BOYLAN v. MARINE.
There has been filed herein by defendant and respondent a verified petition for an order directing the Superior Court to pass upon the merits of an application heretofore made for the correction of a claimed clerical error in the findings. It is represented in the petition that the trial court refuses to make the correction upon the sole ground that it is without jurisdiction so to do unless and until this court makes an order under Rule 12(c), Rules on Appeal, submitting for decision the question whether the findings contain a clerical error and directing the trial court to determine that question on the merits.
We denied a similar application herein upon the ground that the trial court has exclusive jurisdiction and the duty to correct its own clerical errors, and so stated in our order. It is alleged in the present petition that thereafter the court again denied a request for correction of the findings.
The law is clear on the point. ‘Not only has the court power to remedy clerical errors, as distinguished from judicial errors, which may be corrected only through motion for new trial or by appeal, but it is a plain duty to remedy them, the performance of which will be enforced in the furtherance of justice.’ Chadwick v. Superior Court, 205 Cal. 163, 270 P. 192, 193. Mandate is a proper remedy.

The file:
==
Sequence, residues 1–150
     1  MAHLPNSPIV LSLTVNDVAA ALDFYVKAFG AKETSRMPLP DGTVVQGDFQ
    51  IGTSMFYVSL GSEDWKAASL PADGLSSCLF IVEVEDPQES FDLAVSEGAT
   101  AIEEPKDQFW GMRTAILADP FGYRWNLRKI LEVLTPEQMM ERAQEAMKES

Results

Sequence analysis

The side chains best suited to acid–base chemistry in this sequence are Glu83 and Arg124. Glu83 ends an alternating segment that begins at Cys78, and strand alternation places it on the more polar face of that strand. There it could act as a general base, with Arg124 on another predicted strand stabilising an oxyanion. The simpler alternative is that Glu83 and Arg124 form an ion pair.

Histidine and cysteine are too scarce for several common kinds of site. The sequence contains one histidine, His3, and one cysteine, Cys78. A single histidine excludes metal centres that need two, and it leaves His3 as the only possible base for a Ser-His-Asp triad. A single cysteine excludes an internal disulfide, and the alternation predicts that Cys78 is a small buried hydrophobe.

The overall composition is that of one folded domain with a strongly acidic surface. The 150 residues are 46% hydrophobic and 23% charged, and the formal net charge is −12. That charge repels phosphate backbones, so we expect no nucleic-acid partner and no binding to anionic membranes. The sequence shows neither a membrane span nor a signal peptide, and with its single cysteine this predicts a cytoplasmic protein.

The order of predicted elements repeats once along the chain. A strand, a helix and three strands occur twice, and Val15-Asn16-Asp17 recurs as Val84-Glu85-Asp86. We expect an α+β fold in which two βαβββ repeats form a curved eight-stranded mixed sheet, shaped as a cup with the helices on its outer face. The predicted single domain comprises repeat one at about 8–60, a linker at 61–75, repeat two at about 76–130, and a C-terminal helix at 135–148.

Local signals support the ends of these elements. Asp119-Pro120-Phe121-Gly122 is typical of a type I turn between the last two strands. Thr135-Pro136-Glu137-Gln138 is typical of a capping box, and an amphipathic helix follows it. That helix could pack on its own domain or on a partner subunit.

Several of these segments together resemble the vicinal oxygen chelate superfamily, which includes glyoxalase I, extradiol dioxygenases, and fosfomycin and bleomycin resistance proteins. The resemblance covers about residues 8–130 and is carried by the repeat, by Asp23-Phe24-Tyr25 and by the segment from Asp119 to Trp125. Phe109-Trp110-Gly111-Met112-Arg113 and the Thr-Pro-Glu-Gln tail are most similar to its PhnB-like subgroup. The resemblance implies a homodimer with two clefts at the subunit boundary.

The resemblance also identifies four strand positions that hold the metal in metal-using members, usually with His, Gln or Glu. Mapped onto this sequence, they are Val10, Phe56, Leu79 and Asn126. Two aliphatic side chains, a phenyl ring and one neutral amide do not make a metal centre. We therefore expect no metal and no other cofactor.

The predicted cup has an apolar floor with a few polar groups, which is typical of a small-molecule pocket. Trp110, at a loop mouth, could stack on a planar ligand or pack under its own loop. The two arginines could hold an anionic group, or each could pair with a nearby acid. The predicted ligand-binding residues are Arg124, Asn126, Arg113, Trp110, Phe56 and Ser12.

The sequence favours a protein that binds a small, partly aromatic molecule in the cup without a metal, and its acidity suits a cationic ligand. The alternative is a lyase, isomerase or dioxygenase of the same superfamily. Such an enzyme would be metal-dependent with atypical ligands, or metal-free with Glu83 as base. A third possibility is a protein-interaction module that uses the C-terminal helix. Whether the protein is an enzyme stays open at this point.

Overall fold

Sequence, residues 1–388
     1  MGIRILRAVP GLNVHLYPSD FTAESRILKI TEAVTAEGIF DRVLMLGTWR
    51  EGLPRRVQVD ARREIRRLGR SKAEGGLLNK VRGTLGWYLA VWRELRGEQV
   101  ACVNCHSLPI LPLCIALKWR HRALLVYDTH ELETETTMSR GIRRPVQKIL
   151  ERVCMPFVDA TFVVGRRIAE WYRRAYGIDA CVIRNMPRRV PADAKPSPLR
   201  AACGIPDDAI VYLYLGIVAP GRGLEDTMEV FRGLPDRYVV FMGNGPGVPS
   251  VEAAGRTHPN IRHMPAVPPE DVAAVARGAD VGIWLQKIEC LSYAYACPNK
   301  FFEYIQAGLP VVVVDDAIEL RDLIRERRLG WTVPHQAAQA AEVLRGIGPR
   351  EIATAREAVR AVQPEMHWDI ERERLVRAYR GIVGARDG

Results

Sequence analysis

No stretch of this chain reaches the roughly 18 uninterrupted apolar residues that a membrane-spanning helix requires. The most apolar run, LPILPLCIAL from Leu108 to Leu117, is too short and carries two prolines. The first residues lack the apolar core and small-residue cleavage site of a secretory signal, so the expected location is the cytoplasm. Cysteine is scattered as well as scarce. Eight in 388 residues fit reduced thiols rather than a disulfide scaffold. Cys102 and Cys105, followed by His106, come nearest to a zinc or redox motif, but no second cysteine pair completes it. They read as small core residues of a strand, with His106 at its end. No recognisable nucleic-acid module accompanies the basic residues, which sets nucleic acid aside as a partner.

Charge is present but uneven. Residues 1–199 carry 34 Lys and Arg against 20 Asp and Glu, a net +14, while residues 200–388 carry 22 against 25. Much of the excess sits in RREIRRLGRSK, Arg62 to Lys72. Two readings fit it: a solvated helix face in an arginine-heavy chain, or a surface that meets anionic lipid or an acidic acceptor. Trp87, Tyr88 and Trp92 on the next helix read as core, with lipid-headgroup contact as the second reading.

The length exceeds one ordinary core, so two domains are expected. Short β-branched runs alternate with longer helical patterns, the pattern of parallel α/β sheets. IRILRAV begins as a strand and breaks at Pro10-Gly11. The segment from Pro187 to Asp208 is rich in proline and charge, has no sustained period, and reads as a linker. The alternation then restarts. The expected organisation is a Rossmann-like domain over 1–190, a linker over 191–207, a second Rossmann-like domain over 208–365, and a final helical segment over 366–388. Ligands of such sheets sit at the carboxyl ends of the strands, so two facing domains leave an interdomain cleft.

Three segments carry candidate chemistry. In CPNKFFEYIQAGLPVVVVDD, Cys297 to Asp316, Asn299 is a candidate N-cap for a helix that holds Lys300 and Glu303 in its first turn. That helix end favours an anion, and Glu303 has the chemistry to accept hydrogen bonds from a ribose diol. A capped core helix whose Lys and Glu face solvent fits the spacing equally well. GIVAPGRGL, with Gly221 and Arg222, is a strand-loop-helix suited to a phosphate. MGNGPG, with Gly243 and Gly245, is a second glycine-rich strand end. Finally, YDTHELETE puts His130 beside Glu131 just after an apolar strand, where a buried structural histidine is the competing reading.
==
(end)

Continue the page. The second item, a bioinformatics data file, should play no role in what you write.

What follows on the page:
Rule 12(c), Rules on Appeal, relates to the correction of alleged omissions or errors in the record on appeal. The purpose is to insure that the record presented to the reviewing court states the truth respecting the records of the trial court. Correction of the records of that court is not within the scope of the rule.
The power of the trial court in the premises is inherent and is not abrogated or suspended by the pendency of an appeal, Haynes v. Los Angeles R. R. Corp., 80 Cal.App. 776, 782, 252 P. 1072, nor is it lost through lapse of time. Wilson v. Nichols, 55 Cal.App.2d 678, 681, 131 P.2d 596. The duty of the trial court to make proper corrections of its own records, as distinguished from the record on appeal, is not dependent upon any order of a reviewing court, under the Rules of Appeal or otherwise. Although the trial court may be required by mandate to pass upon the merits of an application for a correction of alleged errors, or to make appropriate corrections, it is not a matter in which a reviewing court will act by mere order addressed to the trial court.
If the trial court herein remains in doubt as to its jurisdiction in the premises, we cannot properly act in the matter otherwise than in a proceeding in mandate.
It is obvious from a mere reading of the finding in question that it should be corrected to make it consistent with the judgment, and in the interest of accuracy.
For the foregoing reasons the petition is denied.